This is a pre-publication version of an article published by the journal ‘America Latina XXI’. It was originally produced as a tribute to Hugo Chavez and a critical reflection on his reception outside Venezuela, on the occasion of his death.
I was in Argentina during the April 2002 coup in Venezuela, whilst masses of betrayed people struggled with the aftermath of the peso’s January 2002 collapse. Everyone around me knew that two countries, at opposite ends of the continent, were linked in a common struggle which would change the world. No-one doubted that the change would be for the better.
Returning to England was like flying back to the Stone Age. The coup had triggered a sustained outburst of that cultured scepticism which the well-to-do reserve for those moments when the poor make history. The liberal intelligentsia avidly retailed, as if they were dispatches from the frontline of the War for Civilization, the ravings of coup plotters who had conspired to overthrow a democratic government by force and murder its elected president. Otherwise progressive middle class Latin American earnestly tried to convince me that Chavez was ‘just another Caudillo’, whilst the British left offered pious lectures on class, the perils of third-worldism, and the distractions of krypto-Marxism.
The coup’s defeat left no room for doubt about the nature of the process, nor the direction in which is leadership was taking it. The Bolivarian constitution set out freedoms and rights that no dictatorship could possibly fulfil; when the people elected a government that intended to implement it, the ruling classes responded by mobilising the privileged middle classes to overthrow it. Chavez responded by showing he would risk his life rather than betray the people, and the people mobilised to defeat the coup. This was unmistakably a revolutionary process headed by a revolutionary leadership.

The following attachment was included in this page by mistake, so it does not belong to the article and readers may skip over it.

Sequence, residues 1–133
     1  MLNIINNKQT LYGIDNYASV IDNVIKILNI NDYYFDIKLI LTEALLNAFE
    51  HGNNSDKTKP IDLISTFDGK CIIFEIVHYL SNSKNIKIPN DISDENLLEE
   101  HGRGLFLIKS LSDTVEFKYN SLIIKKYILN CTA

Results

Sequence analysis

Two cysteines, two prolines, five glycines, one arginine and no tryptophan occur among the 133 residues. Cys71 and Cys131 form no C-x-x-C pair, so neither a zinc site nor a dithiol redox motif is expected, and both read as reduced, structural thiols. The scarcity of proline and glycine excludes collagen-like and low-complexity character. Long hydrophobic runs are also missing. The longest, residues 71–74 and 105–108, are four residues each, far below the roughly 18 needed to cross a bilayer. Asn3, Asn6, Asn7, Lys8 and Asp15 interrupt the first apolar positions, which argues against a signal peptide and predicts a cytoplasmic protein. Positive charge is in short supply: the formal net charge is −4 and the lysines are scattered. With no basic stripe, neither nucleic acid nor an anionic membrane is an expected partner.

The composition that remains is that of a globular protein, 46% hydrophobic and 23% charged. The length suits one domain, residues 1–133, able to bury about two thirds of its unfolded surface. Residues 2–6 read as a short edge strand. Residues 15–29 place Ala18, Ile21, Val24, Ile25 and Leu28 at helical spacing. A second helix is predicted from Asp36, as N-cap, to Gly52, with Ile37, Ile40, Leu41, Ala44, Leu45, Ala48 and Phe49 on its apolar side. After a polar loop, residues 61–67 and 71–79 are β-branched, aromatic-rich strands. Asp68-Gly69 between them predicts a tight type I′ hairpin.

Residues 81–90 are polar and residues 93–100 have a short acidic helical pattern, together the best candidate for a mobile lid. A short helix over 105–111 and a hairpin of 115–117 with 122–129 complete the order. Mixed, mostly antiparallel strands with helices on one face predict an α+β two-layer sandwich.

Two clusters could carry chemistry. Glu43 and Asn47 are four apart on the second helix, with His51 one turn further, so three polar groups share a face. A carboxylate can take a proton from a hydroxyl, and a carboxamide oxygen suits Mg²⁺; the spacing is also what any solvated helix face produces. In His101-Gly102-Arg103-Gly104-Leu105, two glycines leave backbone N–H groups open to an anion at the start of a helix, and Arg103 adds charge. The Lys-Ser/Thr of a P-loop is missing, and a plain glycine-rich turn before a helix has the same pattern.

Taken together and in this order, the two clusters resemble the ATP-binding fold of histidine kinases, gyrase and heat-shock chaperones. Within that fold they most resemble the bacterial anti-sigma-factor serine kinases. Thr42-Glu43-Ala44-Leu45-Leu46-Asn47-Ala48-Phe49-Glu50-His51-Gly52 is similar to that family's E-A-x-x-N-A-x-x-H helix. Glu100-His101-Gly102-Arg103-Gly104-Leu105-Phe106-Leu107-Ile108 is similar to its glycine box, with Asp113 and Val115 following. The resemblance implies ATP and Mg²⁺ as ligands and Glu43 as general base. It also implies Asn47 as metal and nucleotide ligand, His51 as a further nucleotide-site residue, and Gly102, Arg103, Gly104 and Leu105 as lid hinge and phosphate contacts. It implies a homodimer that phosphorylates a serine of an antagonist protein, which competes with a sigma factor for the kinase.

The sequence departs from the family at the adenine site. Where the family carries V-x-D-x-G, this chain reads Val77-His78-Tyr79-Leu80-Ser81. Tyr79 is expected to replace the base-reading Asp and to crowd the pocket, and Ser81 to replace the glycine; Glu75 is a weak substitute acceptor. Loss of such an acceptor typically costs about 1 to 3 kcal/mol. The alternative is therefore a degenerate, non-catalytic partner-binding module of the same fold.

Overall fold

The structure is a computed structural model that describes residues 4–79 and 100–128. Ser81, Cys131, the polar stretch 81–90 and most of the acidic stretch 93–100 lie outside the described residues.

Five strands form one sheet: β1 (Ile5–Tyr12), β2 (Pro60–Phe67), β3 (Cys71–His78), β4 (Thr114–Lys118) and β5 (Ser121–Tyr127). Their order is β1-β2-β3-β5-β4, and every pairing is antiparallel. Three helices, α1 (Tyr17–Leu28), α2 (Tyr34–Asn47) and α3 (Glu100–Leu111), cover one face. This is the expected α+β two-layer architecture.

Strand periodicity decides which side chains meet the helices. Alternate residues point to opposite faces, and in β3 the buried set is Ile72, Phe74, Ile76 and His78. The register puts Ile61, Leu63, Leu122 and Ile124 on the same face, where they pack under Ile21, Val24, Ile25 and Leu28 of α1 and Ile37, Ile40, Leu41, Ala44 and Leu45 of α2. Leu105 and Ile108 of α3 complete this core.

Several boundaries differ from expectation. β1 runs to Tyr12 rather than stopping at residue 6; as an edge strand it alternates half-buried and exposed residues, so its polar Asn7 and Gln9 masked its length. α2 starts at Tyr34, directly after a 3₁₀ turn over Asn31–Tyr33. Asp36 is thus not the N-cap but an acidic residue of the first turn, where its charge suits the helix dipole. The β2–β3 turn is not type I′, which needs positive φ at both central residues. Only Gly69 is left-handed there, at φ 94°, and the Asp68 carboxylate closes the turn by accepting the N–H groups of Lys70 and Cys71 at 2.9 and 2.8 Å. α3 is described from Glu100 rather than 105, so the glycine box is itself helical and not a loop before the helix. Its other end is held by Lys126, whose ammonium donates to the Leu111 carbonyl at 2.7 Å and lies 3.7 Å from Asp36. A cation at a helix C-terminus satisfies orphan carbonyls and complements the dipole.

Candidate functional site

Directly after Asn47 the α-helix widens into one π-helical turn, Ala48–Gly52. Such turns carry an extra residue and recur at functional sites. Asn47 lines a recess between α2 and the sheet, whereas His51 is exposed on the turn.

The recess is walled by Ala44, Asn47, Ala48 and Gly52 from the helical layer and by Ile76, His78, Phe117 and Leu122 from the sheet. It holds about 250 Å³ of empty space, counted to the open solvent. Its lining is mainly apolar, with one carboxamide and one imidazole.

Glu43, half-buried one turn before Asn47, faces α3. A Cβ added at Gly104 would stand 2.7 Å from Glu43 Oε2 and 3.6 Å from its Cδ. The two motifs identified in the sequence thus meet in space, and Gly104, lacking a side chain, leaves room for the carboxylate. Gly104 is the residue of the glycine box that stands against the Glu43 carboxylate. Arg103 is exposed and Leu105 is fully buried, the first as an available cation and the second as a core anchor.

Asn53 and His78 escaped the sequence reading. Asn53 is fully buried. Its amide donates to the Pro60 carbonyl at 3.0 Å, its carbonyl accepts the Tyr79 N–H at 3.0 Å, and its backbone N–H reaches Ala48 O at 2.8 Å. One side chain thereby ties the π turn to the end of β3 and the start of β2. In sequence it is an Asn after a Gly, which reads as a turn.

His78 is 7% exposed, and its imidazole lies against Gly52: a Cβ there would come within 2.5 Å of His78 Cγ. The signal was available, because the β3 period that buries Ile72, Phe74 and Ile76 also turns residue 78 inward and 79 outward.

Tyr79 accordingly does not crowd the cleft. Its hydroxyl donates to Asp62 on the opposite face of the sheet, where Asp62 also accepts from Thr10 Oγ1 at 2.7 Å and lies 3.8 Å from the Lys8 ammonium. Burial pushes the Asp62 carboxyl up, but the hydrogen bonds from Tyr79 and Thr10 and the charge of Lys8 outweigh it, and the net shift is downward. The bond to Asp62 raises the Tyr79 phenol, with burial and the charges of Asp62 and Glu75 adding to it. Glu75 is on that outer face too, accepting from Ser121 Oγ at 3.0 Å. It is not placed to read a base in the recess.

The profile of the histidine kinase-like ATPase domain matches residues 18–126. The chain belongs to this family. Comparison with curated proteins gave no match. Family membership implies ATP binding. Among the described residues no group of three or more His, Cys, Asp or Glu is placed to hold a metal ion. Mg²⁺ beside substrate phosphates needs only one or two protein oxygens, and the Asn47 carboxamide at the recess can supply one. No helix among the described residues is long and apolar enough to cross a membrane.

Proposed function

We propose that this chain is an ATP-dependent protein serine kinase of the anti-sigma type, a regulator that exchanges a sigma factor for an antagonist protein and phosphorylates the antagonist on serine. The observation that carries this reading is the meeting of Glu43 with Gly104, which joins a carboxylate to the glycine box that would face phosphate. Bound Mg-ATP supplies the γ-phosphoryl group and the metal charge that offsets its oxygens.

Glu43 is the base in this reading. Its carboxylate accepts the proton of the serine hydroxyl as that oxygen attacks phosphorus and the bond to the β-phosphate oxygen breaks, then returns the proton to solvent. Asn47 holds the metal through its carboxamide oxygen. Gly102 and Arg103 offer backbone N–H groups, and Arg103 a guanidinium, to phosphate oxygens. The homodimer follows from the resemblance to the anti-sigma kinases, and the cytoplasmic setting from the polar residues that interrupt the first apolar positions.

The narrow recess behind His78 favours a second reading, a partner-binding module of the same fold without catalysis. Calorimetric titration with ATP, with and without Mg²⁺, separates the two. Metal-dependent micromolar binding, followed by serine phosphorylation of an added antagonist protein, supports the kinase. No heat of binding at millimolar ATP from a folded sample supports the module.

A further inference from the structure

And as Luis Bilbao (2013) lucidly explained, Chavez breathed life into the historical understanding we find in the writings of great revolutionary leaders such as Lenin, Trotsky, Mao, Fidel, Che, Ho Chi Minh, Vo Nguyen Giap, and in the revolutions they led. So why was it so hard for the ‘left’ to support a clearly socialist process? Why do history’s writers, with so few exceptions, have such problems understanding its makers?
It took four years for left to catch up, and the liberal intelligentsia still offered little better than sophisticated lies. The ‘about.com’ entry for Chavez, written by an allegedly qualified man, is simply headed ‘Hugo Chavez, Venezuela’s Firebrand Dictator’. This is a Disneyesque invention: why did no-one remove it from a site that claims to be a recognised source of accurate information?
This article was the first of many attempts to come to grips with the Hubris of the Western intelligentsia. I did not know it at the time but this hysterical and arrogant self-deception was nothing but a mild foretaste of what was to come.